Friday, November 5, 2010

Judicial Elections are Always a Bad Idea.

Back in August, Mr. Torvik predicted that the three Iowa Supreme Court justices facing retention election would win their respective elections. These retention elections were a big deal because of the Iowa Supreme Court's 7-0 decision finding a right to same sex marriage in the Iowa Constitution. As an aside, pages 17 and 18 of that decision give a brief history of civil rights in Iowa that should make every Iowan, or former Iowan, proud.

In any event, out-of-state special interest groups, such as the National Organization for Marriage, combined with failed Iowa gubernatorial candidate Bob Vander Plaats raised about $700,000 to support a campaign to convince Iowans that the three justices standing for retention election this year should lose. It worked. All three justices lost their retention bid. This is remarkable given that no judge had lost a retention bid in the 48 years that Iowa has had that system.

Mr. Torvik thought the campaign to unseat the justices would not work because "the temperamentally conservative Iowa electorate will ultimately reject the campaign and vote to retain the justices." He also wrote that "the nature of this campaign highlights the benefits of a retention-election system over a regular judicial election." Actually, the Iowa campaign highlights why judicial elections are a horrible idea no matter how they are conducted.

The thing I think about when I think of judicial elections is the Scottsboro Boys. I won't try to summarize the entire case as a lot of it isn't relevant to this post. Briefly, however, the Scottsboro Boys are nine male African-American teenagers who were accused of raping two white females. The defendants were tried in Scottsboro, Alabama. Despite the fact that there was very little evidence that any crime had been committed, the boys were tried and found guilty. Indeed, eight of them were sentenced to death. The case went to the United States Supreme Court. In the landmark case of Powell vs Alabama, the Court, in a 7 - 2 ruling, held that the right of the defendants under the Fourteenth Amendment's due process clause to competent legal counsel had been denied by Alabama. New trials were ordered for the defendants.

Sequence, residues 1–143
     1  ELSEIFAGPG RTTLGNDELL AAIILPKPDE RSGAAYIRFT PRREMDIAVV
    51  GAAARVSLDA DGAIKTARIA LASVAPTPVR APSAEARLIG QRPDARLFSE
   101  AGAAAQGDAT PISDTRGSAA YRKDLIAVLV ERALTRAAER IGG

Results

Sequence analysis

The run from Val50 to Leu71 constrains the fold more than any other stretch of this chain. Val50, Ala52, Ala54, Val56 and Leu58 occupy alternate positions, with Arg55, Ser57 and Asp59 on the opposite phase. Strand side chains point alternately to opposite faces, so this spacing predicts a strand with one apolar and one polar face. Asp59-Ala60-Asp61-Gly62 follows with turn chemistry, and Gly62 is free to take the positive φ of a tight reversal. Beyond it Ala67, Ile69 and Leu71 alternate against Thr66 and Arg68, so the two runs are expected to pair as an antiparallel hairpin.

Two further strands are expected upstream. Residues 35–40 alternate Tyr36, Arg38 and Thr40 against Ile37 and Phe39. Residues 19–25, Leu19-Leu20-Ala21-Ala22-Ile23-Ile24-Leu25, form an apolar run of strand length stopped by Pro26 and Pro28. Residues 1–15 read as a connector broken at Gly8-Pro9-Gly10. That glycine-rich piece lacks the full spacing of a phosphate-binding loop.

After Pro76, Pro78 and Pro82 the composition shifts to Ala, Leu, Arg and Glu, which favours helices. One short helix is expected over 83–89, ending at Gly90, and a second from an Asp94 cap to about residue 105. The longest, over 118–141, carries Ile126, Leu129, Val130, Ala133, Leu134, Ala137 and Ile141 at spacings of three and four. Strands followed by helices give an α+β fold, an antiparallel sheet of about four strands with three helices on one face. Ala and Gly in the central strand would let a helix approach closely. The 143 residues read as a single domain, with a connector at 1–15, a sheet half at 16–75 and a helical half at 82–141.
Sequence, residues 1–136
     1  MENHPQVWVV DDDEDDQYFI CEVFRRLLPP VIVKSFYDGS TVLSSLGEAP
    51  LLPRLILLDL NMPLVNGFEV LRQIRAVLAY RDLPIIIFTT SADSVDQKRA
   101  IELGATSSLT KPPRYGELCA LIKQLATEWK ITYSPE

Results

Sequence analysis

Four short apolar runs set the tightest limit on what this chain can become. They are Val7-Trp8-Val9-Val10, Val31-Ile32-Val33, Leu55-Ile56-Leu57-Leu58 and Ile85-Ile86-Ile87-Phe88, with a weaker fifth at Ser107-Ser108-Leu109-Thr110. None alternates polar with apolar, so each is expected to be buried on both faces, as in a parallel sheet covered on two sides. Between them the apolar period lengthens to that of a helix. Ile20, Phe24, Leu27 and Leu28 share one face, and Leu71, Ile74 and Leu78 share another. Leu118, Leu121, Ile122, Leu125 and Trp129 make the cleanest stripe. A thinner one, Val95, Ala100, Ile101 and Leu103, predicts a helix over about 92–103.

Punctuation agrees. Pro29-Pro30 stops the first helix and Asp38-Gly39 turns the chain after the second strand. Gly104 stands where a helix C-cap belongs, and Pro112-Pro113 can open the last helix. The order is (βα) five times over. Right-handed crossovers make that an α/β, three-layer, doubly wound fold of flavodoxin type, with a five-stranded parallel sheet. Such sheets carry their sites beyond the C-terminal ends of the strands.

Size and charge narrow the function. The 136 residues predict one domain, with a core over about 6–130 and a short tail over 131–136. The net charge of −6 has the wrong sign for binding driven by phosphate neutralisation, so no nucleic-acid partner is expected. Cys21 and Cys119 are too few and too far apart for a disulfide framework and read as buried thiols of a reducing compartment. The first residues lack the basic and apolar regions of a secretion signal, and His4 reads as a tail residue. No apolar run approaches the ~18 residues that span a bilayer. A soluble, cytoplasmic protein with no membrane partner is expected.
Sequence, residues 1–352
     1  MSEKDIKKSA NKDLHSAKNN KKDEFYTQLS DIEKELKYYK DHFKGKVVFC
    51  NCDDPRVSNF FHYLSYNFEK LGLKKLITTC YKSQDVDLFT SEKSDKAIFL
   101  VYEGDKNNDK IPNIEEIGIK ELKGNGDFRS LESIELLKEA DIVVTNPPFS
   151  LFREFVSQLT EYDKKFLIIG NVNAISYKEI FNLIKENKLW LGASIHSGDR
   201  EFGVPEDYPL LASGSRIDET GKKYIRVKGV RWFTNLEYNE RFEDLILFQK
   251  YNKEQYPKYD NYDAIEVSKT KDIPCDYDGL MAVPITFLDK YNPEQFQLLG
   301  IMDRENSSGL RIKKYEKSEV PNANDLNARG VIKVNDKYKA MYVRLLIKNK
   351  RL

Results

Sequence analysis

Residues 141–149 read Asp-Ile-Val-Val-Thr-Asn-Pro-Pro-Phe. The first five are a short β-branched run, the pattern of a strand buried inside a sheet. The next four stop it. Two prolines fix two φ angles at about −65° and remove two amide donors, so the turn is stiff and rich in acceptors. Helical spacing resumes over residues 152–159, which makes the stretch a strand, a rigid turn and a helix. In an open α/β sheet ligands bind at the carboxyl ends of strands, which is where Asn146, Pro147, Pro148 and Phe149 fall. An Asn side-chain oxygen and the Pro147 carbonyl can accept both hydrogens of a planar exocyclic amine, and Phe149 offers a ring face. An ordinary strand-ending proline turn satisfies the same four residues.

The retrials were held before a judge named James Horton. Judge Horton shocked everyone by overturning the jury’s guilty verdict in the first of the retrials. The judge made this ruling because he realized that no rapes had taken place and that the defendants were being tried for crimes they did not commit. What was Judge Horton’s reward for ruling on behalf of the defendants? He lost his next election. Why did he lose his election? Because a majority of voters disliked the way he applied the law to protect the defendants. Put another way, the judge lost his election because he followed the law and protected an unpopular group because the law required it. The Iowa Supreme Court justices did the same thing.

To paraphrase what Chief Justice John Roberts once said, a judges job is to ensure that if the Constitution or statute says that some unpopular person or group should win, then the unpopular or group person should win.  His point was that a judge's job is to apply the law fairly and impartially without regard to the parties. That's why justice is portrayed as being blind. A judge that does his job will sometimes rule in favor of parties that many people don't like. However, if the judge likes being a judge, concerns over re-election or retention may discourage judges from ruling in favor of of unpopular parties.  Elections, of whatever sort, are pressure to "rule the right way."  At a minimum, they provide an incentive for judges to do the opposite of what Justice Roberts says they should.

Mr. Vander Plaats called the election results a "victory for freedom, a victory for liberty."  He couldn't have been more wrong.

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